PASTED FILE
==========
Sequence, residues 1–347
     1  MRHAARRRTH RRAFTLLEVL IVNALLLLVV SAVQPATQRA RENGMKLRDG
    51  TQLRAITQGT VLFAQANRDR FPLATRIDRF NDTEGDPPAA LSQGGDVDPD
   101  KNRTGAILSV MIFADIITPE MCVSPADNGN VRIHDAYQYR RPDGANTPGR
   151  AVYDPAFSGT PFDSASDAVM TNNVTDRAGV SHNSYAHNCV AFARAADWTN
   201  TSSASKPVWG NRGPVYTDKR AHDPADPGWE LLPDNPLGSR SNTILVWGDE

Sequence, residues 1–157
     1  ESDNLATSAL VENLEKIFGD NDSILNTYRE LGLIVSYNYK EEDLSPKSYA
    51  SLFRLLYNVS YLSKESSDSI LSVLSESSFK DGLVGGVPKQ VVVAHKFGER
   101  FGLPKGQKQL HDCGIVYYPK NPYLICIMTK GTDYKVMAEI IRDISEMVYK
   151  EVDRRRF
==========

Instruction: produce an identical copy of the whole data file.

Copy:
Sequence, residues 1–347
     1  MRHAARRRTH RRAFTLLEVL IVNALLLLVV SAVQPATQRA RENGMKLRDG
    51  TQLRAITQGT VLFAQANRDR FPLATRIDRF NDTEGDPPAA LSQGGDVDPD
   101  KNRTGAILSV MIFADIITPE MCVSPADNGN VRIHDAYQYR RPDGANTPGR
   151  AVYDPAFSGT PFDSASDAVM TNNVTDRAGV SHNSYAHNCV AFARAADWTN
   201  TSSASKPVWG NRGPVYTDKR AHDPADPGWE LLPDNPLGSR SNTILVWGDE

Sequence, residues 1–157
     1  ESDNLATSAL VENLEKIFGD NDSILNTYRE LGLIVSYNYK EEDLSPKSYA
    51  SLFRLLYNVS YLSKESSDSI LSVLSESSFK DGLVGGVPKQ VVVAHKFGER
   101  FGLPKGQKQL HDCGIVYYPK NPYLICIMTK GTDYKVMAEI IRDISEMVYK
   151  EVDRRRF